The Regulators began in 2007 with five team members. Today their ranks have swelled to more than 20 with a fully stocked crop of fresh meat — new players — trained and in reserve. While some players have actual derby experience, many, like Leia, simply picked up the sport and the ability to roller skate on the fly.
“Our training now is more structured than when we started, and we have a larger following which allows us to raise more for our local charities. We have fresh meat courses every nine weeks to teach new skaters about the game starting from the very basics,” says Leia. The first lesson dropped on a derby newbie? How to fall.
The Columbia QuadSquad started in March 2007 with 10 women. With the 2009 premiere of the movie Whip It, recruitment increased and today, the squad is 77 members strong. As the sport continues to grow, the players carry their banner with pride. This is not a campy catfight dressed up with hairspray and fishnet stockings. It’s an aggressive contact sport many women use to offset the stress and frustrations of their day-to-day lives.
Eva Foussat (known as Eva Las Vegas), a web and graphics designer/manager, has been a CQS Rollergirl since 2009 and finds her laps on the track very cathartic. “I get so focused on what I’m physically doing out there that I can totally check out mentally from all the stress or drama I’ve had that day. It’s just me and my skates on the track,” she says.
(Left) Eva Foussat skates for the Columbia QuadSquad as Eva Las Vegas. (Right)A Richland County Regulators member
Stacey Russell-Franklin (known as Holly Hunter) works for a local law firm by day and has skated on the CQS team for five years. One of the team’s most experienced members, Stacey serves as captain of the Allstars team. “What I love most about this team is that we are a true family. While we don’t always agree, we respect each other and will do anything at all for each other in our times of need. My teammates motivate me to be a better skater, captain and person in general,” she says.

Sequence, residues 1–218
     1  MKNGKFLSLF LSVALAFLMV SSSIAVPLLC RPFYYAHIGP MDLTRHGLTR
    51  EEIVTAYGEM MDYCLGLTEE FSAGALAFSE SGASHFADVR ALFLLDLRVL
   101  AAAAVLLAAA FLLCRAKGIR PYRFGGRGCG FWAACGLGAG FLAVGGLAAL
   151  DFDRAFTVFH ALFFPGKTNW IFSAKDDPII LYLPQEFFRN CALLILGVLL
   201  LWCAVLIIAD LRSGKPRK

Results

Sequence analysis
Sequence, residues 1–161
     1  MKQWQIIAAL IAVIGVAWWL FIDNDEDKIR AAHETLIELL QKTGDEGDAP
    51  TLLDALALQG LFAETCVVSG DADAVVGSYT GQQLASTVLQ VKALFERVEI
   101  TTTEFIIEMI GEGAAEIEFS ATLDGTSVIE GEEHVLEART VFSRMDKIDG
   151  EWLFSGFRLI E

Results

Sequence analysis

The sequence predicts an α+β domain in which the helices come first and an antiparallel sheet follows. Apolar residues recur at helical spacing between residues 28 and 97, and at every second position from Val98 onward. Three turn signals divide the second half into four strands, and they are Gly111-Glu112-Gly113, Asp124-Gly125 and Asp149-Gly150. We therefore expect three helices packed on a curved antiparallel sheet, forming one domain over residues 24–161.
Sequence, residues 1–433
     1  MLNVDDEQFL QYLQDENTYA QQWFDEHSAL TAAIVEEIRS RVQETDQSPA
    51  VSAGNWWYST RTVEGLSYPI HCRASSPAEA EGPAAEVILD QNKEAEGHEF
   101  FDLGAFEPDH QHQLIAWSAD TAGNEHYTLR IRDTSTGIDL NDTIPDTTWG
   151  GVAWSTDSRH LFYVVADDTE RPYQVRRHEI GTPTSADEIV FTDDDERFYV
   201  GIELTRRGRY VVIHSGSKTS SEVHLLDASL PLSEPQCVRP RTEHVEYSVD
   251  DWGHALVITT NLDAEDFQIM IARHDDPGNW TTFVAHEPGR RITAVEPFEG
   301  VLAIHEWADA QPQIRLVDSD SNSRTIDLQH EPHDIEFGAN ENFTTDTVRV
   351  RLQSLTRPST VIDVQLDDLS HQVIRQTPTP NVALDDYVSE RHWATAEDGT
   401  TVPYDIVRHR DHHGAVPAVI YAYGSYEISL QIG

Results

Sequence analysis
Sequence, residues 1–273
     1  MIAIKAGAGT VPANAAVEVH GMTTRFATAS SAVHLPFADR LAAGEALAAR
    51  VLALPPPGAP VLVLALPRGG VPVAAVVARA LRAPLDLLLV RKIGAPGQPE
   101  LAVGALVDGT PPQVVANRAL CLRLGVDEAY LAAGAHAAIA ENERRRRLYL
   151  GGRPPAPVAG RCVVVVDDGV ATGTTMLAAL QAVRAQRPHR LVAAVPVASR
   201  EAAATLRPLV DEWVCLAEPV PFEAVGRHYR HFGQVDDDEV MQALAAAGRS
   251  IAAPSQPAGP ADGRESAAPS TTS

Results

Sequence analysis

For Hilary, team and teammates are very important, but what speaks to her is the action of the sport. “What I love most about roller derby is the game, the competition. I love to play this game,” she says.
But can just anyone join a team? “Absolutely anyone can,” says Leia. “That’s one thing we love about this sport. Girls of all shapes and sizes can play and be proud of their bodies. I have seen girls with small frames be hard hitters, and just the opposite – girls who you expect to make great blockers due to their size but are quick on their feet and can jump through a pack.”
The Richland County Regulators get phsyical with their opponents during a recent match.
Eva says one of the greatest joys of the sport is her derby sisters. “We come from so many walks of life and different backgrounds but all unite under this one thing — skating fast, turning left and hitting things,” she says.
Think you could be the next Raquel Welts or Tazer Swift? Give it a go.
Learn more about the sport, its rules and what all those different whistles mean by visiting www.derbynewsnetwork.com or www.wftda.com. To learn more about local roller derby bouts and teams, hit ‘em up on Facebook or the team websites.